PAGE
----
SUICIDE SQUAD is a complete mess, yet it is a total glory. I know, relax. Hear me out. Since the resurrection of Christopher Nolan’s Batman, there has been a forceful push to ground a superhero film in reality. Sometimes it works, other times is does not. SUICIDE SQUAD removes itself from that universe and takes place within movie world.

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There’s a lot that is blatantly strange and oddly incoherent about the film. Whether it was from studio tinkering (panic) or that everyone was on acid while making the film. None of that matters. The film has a great soundtrack and devilishly fun performances from the entire cast.

The film isn’t bright and glossy with a drumbeat joke every five minutes, it’s sloppy and dirty with perverse humor that will curl even the most uptight hipster’s mustache, while he’s passive aggressively using the Oxford comma to demean this film.

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Will Smith’s overly stereotypical ghetto jive, the over objectifying of Margot Robbie’s butt, the uppity bitch mode of Viola Davis, and Jared Leto’s insane transformation into a Joker that’s feverishly in love, are a step away from the safe mediocrity we’ve seen in recent tent-pole films.

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Director David Ayer has received so much critical flack for this film, it isn’t even funny. This wasn’t a film made for critics, nor was it seeking the approval of top ten lists. It’s loud, it’s obnoxious, it’s gratuitous, and it’s everything that the new DC Universe should aim for going forward. Let other studios play it safe with their glossy sheen, DC; keep forming a lewd and egregious world for the rest of us.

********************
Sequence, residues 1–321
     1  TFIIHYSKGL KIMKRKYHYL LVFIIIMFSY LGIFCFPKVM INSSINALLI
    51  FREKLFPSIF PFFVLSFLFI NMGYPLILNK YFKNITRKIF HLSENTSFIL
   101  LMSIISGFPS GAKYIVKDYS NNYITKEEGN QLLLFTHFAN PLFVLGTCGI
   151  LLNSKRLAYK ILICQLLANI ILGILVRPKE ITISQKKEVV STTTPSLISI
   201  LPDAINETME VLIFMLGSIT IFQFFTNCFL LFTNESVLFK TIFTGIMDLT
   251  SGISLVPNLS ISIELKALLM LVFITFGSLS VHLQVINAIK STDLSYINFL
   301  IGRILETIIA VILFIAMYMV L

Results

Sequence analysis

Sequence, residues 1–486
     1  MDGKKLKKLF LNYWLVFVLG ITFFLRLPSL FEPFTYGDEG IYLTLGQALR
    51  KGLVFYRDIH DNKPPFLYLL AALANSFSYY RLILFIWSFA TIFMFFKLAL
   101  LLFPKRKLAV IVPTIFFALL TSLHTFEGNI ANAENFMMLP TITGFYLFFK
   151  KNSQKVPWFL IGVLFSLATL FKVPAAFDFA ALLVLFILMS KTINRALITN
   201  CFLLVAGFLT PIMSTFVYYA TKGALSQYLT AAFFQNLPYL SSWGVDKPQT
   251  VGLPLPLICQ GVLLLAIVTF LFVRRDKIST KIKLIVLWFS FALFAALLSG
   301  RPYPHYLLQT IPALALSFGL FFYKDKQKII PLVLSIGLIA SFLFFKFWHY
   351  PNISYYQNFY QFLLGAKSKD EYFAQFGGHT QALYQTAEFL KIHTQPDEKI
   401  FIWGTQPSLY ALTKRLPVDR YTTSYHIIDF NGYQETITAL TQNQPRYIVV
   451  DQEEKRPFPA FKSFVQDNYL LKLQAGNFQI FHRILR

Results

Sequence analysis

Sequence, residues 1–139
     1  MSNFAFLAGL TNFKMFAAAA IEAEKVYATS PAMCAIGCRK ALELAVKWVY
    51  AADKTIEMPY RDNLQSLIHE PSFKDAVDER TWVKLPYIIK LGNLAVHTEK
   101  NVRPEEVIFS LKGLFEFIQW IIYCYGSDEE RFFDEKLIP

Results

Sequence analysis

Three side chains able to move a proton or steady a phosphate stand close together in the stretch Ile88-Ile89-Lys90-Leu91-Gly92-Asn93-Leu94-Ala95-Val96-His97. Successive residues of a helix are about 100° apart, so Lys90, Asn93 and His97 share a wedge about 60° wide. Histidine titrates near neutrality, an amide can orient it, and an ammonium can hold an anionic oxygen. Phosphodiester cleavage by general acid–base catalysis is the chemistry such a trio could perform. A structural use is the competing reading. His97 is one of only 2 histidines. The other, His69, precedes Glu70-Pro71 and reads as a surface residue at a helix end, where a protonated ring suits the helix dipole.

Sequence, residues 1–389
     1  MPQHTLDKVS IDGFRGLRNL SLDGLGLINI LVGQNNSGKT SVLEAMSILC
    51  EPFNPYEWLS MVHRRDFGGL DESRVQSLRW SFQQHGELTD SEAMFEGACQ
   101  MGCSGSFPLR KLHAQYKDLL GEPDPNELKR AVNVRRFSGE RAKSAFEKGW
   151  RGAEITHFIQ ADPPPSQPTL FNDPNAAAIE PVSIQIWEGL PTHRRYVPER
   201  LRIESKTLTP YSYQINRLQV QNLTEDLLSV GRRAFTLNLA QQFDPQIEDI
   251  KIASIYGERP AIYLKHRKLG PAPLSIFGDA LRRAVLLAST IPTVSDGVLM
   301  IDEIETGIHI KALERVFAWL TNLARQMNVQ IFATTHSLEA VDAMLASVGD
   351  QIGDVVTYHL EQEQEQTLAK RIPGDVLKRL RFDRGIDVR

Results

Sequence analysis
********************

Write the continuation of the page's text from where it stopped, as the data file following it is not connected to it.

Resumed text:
A Suicide Squad review by Josh Hains

Don’t worry, the following review is a spoiler free zone.

Appalling. Bad. Very, very bad. Trash. Garbage. Stupid. Incoherent. Incomprehensible. Dumb. Boring. Awful. Mediocre. Disaster. Rotten. I don’t agree with words such as these being used in reviews for Suicide Squad to describe the movie as whole. I’m not being blindly dismissive like some social media users out there who are mad that this highly anticipated movie isn’t getting a great critical reception. I just don’t agree, I had a different experience, and this review will reflect that experience.